Monday, 29 October 2018

Who protects your privacy?

The 2016 Presidential elections in the U.S brought forward many concerns about the use of social media and privacy issues. Cybersecurity has become the issue of our times, and more citizens are becoming paranoid about their personal information, and the extent to which they are protected by their governments.
Facebook and Google are being investigated by several governments regarding their data collection and how they are using it. Organizations like Cambridge Analytica harvested advertising data, and used them in the pro- Brexit, as well as the Trump Presidential campaigns. While there is no proof, it is very conceivable that other firms may collect data from Facebook and other social media users.
The increasing use of personal data collection is alarming because there seems to be no end to the ability of criminals as well as governments to access the data and use it without permission. Foreign governments interfere with the democratic process during elections, and criminals are attacking individuals and corporations. Some of the most infamous 2018 breaches have included the following:
·         Cathay Pacific – 9.4 million passengers
·         Facebook – 90 million users
·         Uber -57 million customers
These are only some of the many breaches experienced by corporations, but government data have not been immune to attacks, and these breaches involve very personal data which include Social Security, and  Healthcare data etc. So it seems that data which used to be private are no longer so, even when shared with government agencies.
This brings me to my next point concerning government data collection.  Some years ago, the Harper government decided to eliminate the Long-form census which collected data about housing, transport, employment, income and other key attributes required by various tiers of governments to plan and deliver public services. The outcry from the Chief statistician Munir Sheikh, was such that he resigned his position. In some ways I can understand the concern about who collects data and for what purpose. But today I am more concerned about what is collected and the security issue.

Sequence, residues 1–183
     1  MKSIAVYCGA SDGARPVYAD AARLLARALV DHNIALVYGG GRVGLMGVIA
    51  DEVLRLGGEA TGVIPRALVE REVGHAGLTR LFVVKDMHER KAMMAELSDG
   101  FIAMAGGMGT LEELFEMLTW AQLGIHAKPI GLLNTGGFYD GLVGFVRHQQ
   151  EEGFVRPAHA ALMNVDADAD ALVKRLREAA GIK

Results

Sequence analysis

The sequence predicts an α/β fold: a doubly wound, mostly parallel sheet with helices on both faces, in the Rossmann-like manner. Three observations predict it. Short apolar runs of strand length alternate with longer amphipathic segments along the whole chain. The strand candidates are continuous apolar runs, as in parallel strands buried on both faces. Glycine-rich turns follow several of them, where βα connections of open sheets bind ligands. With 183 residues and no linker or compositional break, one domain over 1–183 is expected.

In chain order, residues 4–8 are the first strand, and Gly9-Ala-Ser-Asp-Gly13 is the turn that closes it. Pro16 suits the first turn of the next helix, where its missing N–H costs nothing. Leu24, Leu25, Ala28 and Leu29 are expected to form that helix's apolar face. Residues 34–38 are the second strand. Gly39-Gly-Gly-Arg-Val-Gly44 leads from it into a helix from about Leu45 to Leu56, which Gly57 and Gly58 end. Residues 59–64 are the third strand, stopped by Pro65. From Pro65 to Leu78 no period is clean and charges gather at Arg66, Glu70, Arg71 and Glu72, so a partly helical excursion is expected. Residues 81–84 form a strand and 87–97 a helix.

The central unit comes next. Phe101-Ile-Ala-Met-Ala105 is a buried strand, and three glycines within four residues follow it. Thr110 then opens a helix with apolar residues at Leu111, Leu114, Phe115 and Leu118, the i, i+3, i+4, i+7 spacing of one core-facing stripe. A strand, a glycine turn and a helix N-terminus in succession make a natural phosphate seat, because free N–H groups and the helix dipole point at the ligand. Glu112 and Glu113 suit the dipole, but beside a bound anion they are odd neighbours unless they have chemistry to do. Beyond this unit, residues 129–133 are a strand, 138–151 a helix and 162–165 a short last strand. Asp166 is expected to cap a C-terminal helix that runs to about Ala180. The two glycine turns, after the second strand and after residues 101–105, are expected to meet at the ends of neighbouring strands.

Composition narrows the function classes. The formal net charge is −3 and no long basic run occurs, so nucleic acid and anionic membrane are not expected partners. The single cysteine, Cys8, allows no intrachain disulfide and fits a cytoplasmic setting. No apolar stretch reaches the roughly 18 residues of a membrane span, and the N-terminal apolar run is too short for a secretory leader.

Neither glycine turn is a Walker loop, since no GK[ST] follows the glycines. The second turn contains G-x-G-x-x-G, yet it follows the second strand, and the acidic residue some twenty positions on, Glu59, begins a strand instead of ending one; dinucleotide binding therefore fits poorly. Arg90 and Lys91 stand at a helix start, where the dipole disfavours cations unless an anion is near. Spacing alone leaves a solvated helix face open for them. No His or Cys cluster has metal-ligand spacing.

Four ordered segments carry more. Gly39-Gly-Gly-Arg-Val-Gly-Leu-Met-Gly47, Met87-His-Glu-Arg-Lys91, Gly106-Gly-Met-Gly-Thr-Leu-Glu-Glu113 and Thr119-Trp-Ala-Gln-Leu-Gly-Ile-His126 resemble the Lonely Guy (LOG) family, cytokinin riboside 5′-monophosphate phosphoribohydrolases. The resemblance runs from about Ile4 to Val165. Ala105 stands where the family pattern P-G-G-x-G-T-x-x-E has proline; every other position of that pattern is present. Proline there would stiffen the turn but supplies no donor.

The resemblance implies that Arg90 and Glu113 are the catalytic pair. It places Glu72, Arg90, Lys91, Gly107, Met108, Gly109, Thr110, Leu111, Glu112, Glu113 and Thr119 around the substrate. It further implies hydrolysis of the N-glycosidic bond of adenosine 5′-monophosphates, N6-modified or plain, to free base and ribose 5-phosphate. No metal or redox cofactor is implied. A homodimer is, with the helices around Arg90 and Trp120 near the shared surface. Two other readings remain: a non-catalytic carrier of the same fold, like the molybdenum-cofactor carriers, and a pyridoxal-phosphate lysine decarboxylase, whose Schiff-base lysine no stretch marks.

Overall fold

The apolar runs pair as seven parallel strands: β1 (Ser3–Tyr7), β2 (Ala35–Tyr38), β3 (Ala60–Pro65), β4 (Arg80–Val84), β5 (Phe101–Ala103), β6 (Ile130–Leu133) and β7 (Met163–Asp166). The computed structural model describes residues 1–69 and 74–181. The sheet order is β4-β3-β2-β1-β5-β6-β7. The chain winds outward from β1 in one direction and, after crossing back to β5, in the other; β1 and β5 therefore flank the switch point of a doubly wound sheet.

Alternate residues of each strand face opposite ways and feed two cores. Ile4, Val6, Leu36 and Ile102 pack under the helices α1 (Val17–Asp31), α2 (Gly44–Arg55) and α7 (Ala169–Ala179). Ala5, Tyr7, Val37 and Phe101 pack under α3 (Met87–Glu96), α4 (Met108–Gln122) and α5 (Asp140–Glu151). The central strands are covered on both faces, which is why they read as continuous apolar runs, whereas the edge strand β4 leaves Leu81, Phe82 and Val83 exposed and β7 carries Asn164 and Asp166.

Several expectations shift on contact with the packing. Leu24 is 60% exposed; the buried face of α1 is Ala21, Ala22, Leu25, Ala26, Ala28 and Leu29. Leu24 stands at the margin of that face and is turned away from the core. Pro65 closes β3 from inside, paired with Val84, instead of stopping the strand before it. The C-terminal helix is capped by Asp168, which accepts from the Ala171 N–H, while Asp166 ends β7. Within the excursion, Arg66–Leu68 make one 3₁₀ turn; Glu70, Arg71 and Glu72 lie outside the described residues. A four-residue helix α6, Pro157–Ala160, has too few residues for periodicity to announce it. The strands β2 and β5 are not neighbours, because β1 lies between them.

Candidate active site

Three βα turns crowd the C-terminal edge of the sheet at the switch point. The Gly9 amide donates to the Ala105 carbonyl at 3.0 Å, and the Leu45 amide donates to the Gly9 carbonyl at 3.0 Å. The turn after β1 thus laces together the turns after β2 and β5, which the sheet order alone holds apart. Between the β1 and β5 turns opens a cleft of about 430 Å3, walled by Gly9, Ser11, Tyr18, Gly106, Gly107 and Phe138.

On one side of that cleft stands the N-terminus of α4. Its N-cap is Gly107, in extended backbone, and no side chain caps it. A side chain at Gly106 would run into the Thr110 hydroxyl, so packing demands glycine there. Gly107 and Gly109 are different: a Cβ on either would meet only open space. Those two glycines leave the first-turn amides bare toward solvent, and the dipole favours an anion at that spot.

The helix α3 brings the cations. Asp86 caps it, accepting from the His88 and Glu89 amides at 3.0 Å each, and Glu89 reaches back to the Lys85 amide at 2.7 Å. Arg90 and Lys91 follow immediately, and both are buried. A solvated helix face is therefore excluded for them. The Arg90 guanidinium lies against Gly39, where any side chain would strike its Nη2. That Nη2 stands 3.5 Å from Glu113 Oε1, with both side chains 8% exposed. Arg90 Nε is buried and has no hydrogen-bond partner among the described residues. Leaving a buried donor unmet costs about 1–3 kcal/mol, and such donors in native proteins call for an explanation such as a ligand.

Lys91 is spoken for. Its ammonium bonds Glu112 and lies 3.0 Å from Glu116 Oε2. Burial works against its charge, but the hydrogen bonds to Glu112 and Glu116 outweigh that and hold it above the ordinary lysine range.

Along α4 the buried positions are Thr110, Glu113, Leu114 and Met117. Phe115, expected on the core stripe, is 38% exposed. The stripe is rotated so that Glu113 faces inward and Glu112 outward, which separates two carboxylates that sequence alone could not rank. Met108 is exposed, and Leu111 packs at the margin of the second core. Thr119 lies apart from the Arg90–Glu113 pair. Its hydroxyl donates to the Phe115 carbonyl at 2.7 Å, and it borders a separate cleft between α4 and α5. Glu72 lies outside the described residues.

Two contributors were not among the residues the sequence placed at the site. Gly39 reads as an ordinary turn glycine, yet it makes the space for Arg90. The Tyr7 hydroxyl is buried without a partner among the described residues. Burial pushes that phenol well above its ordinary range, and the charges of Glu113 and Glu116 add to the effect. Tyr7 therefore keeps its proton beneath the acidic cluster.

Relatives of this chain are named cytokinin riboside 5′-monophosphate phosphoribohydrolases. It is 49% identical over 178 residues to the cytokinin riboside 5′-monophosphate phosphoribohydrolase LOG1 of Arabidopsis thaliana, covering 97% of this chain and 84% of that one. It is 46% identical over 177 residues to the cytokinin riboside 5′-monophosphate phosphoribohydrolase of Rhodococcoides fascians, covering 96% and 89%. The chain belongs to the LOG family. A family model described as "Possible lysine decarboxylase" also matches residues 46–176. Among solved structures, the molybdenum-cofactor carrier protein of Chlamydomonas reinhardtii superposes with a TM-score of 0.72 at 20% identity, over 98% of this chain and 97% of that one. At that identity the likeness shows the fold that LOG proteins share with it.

Governments can collect data, but how certain are they to keep them secured? The ability to collect data through the information system is so easy that what is being collected should concern citizens. Recently it has been reported that the Canadian government will be asking financial institutions to collect and provide data from some 500,000 Canadians without their knowledge. According to a report from Global News:   “the national statistical agency plans to collect “individual-level financial transactions data” and sensitive information, like social insurance numbers (SIN), from Canadian financial institutions to develop a “new institutional personal information bank. Statistics Canada will be acquiring individual payments and income history information from financial institutions,”
Canadians should not only be alarmed that their private data will be collected without their consent, but that they may not be assured that their information may not be used by criminals in case of a breach. There is no guarantee that any data collected by private or public sector organizations is immune form cyber hacking and theft.
In my opinion, this latest government collection of data reeks of ‘Big Brother’. While there may have been concerns about the abolition of the Long-form census, we should be more concerned about the government’s brazen intrusion in our private lives, and its inability to protect our privacy.

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